Imaging Studies. Dr. Jurek will check x-rays of your shoulder to look at the bony anatomy and rule out other possible causes of shoulder pain such as arthritis or calcification within the rotator cuff. She may also order magnetic resonance imaging (MRI) to identify possible injury to your rotator cuff or cartilage.

Treatment for Shoulder Impingement Syndrome

The goal of treatment is to reduce pain and restore function. In most cases, initial treatment of shoulder impingement is nonsurgical.

Nonsurgical Treatments

Although nonsurgical treatment may take several weeks to months, many patients experience a gradual improvement and return to function.

  • Rest. Dr. Jurek may suggest relative rest as well as activity modification, such as avoiding repetitive overhead activities.
  • Cold Therapy. Ice the shoulder for 20 minutes once or twice a day.
  • NSAIDs. Over-the-counter anti-inflammatory medications, such as Ibuprofen or Naproxen, may help to reduce pain and swelling. These medications may have significant side effects so speak with your doctor before starting an NSAID.
  • Physical Therapy. A physical therapist will initially focus on restoring normal motion to your shoulder. Stretching exercises to improve range of motion are very helpful. If you have difficulty reaching behind your back, you may have developed tightness of the posterior capsule of the shoulder (capsule refers to the inner lining of the shoulder and posterior refers to the back of the shoulder). Specific stretching of the posterior capsule can be very effective in relieving pain in the shoulder. Once your pain is improving, your therapist will start you on a strengthening program for the muscles of your shoulder.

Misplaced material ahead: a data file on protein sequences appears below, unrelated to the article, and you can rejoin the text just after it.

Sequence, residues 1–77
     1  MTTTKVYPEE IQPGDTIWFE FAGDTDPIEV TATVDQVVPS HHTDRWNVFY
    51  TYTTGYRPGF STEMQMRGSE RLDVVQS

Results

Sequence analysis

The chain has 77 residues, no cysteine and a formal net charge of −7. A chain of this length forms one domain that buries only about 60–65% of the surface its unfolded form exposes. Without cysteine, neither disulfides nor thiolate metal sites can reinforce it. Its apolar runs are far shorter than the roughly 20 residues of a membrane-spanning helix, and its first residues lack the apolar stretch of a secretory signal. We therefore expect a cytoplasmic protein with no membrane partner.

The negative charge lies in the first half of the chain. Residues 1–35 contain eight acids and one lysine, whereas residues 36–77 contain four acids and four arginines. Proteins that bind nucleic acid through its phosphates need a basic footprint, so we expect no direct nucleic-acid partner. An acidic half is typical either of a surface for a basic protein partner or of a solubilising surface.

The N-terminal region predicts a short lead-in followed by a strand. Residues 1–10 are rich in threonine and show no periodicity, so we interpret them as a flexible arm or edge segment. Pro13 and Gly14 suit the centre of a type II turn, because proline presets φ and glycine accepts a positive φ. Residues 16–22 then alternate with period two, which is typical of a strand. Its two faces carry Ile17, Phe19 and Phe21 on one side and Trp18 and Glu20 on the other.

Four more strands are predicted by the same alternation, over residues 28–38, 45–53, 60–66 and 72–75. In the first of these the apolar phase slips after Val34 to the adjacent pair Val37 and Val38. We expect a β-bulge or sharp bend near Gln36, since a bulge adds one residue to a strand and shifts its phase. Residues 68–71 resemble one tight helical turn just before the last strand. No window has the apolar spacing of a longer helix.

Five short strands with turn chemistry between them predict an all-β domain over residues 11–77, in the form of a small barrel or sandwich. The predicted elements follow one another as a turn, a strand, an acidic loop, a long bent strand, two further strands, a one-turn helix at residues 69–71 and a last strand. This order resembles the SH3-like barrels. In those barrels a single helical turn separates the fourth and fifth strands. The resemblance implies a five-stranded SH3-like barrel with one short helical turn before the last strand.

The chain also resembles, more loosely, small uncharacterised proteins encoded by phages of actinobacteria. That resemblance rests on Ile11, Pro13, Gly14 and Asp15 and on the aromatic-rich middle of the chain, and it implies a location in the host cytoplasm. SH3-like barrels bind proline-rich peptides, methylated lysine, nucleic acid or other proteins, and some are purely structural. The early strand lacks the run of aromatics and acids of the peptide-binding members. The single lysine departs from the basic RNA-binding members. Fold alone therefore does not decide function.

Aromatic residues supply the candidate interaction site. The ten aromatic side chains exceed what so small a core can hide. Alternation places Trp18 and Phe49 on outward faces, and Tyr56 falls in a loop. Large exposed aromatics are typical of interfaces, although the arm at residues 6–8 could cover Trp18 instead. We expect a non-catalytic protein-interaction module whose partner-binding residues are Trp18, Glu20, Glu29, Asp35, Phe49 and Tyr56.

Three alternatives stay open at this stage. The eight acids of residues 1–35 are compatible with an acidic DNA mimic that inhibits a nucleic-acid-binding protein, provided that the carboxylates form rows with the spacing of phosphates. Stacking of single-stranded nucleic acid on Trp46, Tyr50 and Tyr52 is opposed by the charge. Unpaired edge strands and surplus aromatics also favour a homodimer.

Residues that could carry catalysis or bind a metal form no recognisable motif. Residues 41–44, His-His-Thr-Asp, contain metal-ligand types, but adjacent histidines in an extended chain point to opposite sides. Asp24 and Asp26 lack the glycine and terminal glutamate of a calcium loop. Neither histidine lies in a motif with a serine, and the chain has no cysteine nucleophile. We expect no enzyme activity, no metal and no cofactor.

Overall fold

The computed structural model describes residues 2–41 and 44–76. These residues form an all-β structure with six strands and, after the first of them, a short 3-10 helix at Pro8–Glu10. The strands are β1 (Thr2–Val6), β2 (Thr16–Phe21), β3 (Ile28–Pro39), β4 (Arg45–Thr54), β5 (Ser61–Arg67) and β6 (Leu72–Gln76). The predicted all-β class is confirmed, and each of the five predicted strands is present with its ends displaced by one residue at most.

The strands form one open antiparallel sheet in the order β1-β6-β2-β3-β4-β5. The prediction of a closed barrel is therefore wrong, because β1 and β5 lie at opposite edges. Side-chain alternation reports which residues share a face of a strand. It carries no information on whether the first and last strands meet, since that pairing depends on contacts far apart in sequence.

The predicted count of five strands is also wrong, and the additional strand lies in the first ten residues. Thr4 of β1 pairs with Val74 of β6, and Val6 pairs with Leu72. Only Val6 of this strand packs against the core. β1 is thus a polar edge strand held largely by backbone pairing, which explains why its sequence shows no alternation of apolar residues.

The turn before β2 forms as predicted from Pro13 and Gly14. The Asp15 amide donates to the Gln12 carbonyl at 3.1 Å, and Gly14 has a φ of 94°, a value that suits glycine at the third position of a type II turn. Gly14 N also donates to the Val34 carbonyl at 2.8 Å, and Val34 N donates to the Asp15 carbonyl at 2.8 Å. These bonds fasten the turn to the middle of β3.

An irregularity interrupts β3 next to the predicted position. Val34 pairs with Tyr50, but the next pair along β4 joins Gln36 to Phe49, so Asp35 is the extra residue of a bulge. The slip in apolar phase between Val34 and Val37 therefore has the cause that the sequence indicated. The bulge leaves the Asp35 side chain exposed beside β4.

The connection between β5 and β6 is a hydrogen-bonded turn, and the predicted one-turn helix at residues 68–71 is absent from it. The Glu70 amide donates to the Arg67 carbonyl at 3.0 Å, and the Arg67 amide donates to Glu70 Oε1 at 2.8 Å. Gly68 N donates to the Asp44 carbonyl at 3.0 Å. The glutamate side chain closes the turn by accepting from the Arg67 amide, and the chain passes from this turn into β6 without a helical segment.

• Cortisone Injection. If relative rest, medications, and physical therapy do not relieve your pain, an injection of a local anesthetic and a cortisone preparation may be helpful. Cortisone is a very effective anti-inflammatory medicine. Injecting it into the bursa beneath the acromion can relieve pain.

Surgical Treatment

If nonsurgical treatment fails to relieve your pain, Dr. Jurek may recommend surgery. During surgery, she removes the inflamed portion of the bursa to create more space for the rotator cuff. In some cases, she may need to remove a bone spur in your shoulder. Dr. Jurek performs this procedure arthroscopically (small incisions with specialized instruments). She may also treat other conditions present in the shoulder at the time of surgery. These can include arthritis between the clavicle and the acromion (acromioclavicular arthritis), inflammation of the biceps tendon (biceps tendinitis), or a partial rotator cuff tear.
In an arthroscopic technique, Dr. Jurek inserts thin surgical instruments into two or three small incisions around your shoulder. She then examines your shoulder through a fiberoptic scope connected to a television camera and guides the small instruments using a video monitor.

Rehabilitation After Shoulder Impingement Surgery

After shoulder impingement surgery, your arm will be protected in a sling for a short time to allow for healing. Once you feel comfortable, Dr. Jurek will have you begin a rehabilitation program to regain shoulder range of motion and arm strength. Typically, it takes 2-4 months to achieve complete relief of pain.

Shoulder Impingement Treatment in Seattle, Washington

If you would like to discuss shoulder impingement treatment with Dr. Sara Jurek, call (206) 386-2600 to schedule a consultation. For your convenience, you may also request an appointment online.

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601 Broadway 7th Floor 
Seattle, WA 98122
3400 California Ave SW Ste. 210 
Seattle, WA 98116
(206) 386-2600

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601 Broadway 
7th Floor 
Seattle, WA 98122
(206) 386-2600

Ask A Question